Git Show Remote Branches – Linux Hint, However, when dealing with local and remote branches, it can get a little bit complicated. project.git/. Now go to a new location where you can create a clean folder. Create the Let's check our branches (still in the project_source folder):. Just like the branch name “master” does not have any special meaning in Git, neither does “origin”. While “master” is the default name for a starting branch when you run git init which is the only reason it’s widely used, “origin” is the default name for a remote when you run git clone.

git checkout a Remote Branch, In order to see this newly published branch, you will have to perform a simple "git Based on the remote branch "origin/newsletter", we now have a new local� The following pull command downloads / fetches the content of the remote repository. However, it will not create a new merge commit: $ git pull –no-commit <remote> Performing pull operation via Git GUI. If you are a fan of GUI rather than using command line then you may also use Git GUI for performing pull remote operation.

Check out a remote branch in git, Check out a remote branch in git. If you would This will automatically track origin/groups from a local branch groups . In older Git Check out our new e- book:. $ git branch bt-tst2 $ git branch br-tst3. This is followed by creating remote branches: $ git push origin br-tst1 $ git push origin br-tst3. So, we have three local and two remote branches apart from the master branch in both repositories. Showing all branches example. For listing all branches – in local and remote repositories, run this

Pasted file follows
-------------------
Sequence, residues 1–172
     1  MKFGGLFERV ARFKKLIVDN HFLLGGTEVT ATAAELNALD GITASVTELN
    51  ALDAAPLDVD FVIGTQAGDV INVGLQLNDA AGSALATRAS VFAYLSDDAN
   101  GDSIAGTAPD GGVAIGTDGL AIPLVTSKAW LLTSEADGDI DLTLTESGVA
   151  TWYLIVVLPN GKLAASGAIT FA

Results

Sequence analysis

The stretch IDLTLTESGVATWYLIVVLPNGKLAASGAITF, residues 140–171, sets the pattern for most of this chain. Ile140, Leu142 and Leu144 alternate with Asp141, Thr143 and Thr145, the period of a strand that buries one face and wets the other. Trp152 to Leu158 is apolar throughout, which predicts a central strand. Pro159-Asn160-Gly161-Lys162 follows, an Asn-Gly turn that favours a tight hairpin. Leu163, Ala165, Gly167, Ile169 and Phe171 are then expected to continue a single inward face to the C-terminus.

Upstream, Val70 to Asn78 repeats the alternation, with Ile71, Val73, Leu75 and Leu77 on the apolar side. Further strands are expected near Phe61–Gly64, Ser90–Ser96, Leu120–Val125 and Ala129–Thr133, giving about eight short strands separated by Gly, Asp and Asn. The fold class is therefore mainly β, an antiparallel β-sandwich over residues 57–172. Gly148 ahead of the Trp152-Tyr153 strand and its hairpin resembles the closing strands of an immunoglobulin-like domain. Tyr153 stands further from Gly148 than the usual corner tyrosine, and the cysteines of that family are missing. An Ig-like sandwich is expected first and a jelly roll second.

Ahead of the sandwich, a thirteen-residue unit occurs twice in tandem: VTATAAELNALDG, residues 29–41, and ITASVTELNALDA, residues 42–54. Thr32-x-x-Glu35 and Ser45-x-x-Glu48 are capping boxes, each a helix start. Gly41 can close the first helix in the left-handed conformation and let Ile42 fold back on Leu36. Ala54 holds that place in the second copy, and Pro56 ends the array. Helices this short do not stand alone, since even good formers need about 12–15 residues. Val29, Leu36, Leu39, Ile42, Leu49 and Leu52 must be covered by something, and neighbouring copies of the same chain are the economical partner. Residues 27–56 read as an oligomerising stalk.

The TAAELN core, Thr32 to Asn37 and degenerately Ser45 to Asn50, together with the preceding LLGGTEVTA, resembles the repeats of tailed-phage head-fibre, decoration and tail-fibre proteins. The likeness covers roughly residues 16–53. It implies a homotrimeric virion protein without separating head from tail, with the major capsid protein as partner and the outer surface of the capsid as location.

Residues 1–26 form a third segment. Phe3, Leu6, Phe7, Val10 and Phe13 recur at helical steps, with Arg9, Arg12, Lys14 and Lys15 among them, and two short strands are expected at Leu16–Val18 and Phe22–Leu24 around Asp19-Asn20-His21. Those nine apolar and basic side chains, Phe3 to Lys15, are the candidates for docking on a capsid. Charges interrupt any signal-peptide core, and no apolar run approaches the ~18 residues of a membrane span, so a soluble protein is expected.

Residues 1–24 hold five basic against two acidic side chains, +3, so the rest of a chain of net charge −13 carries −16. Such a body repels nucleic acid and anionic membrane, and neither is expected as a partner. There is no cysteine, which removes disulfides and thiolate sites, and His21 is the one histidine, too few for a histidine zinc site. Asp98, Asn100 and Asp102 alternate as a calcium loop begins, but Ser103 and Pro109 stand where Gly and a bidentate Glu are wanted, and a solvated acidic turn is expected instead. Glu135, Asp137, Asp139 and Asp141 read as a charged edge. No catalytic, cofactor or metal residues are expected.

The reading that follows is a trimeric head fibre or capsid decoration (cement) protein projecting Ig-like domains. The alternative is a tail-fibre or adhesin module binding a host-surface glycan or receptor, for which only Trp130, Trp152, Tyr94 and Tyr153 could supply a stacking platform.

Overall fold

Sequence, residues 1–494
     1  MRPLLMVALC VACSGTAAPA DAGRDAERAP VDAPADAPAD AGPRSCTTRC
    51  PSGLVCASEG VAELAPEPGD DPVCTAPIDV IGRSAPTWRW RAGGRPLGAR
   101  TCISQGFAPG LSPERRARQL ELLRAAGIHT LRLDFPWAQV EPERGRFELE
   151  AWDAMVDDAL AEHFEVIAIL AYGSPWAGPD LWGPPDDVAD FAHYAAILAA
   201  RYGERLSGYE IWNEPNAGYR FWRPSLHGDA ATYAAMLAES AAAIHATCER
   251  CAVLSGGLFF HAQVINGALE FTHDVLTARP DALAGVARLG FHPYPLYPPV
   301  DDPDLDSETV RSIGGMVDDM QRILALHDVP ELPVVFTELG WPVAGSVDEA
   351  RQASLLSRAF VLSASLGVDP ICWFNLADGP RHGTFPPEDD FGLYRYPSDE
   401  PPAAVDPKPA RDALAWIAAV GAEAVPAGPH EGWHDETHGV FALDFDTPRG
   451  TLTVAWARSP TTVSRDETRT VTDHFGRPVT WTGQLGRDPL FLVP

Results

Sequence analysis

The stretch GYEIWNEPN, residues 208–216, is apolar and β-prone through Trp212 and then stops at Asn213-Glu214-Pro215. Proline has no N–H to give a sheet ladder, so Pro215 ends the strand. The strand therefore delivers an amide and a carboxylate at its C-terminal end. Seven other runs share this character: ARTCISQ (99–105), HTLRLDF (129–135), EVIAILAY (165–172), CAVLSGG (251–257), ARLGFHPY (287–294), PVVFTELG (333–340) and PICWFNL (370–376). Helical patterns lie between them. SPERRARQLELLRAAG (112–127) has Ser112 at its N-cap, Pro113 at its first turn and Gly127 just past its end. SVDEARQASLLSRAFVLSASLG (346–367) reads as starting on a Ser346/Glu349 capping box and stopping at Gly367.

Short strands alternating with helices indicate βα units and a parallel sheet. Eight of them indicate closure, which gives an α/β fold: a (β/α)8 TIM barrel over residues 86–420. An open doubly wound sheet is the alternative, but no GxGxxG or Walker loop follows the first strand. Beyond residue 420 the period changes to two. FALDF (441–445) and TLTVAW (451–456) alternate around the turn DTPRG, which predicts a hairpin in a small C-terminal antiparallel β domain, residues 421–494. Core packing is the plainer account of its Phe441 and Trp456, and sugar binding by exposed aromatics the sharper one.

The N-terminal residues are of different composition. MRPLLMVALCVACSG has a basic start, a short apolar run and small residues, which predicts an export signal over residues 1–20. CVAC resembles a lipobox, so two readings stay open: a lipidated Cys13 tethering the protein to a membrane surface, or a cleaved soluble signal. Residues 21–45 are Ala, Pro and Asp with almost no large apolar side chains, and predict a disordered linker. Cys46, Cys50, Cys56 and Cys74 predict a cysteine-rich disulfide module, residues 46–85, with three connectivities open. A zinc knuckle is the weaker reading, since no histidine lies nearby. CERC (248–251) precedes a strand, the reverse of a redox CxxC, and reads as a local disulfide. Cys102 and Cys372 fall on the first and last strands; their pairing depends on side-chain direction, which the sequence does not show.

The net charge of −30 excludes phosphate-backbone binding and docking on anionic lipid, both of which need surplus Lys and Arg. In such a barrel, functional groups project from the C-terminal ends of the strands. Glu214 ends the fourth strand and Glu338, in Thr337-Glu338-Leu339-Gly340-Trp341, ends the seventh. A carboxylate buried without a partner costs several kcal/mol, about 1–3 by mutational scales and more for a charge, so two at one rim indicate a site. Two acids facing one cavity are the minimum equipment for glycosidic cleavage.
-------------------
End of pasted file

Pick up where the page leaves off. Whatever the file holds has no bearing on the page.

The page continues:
Comments
  • A related problem - Can't see remote branch
  • managed to forget git pull, thanks
  • I was able to see the new remote branch after doing a git fetch origin, but not sure what the difference is if I just did a git fetch? I read about git remote update, but wasn't clear what that would have done. Would I need to run git fetch for any new remote branches from here on out?
  • @hybrid9 If you use git fetch, git will download the references from the default remote repository that has been specified in .git/config: usually it will be called origin, so both commands are equivalent, but your specific configuration might be different for some reason. No, you don't need to give git fetch for every branch, as (by default) it fetches all branches.
  • @hybrid9 git pull is equivalent to git fetch + git merge (or git rebase if you have changed defaults), so you can keep using git pull as usual, and the new remote branches will pop up by themselves.
  • I originally ran git pull but i never saw that new remote branch which really confused me. Only until i ran git fetch origin. I appreciate the time in answering my questions.
  • @hybrid I have the same issue. git ls-remote gerritrepo:project shows the new remote branch but git branch -a does not...I have to make another clone and only then the new branch will appear
  • This happened to me after an initial shallow clone.
  • Perfect!!! Thanks a lot! That happened to me when installing a custom Homebrew tap with the command brew tap user/repo: the local copy of the repo cloned by brew had the settings you mentioned and it was not possible to see and use the other branches I had in my repo. Thanks again! :) +1!
  • The following command can be used instead of manual editing the .git/config file. git config remote.origin.fetch "+refs/heads/*:refs/remotes/origin/*" and then git fetch origin to get all branches on origin.
  • this is a nice one!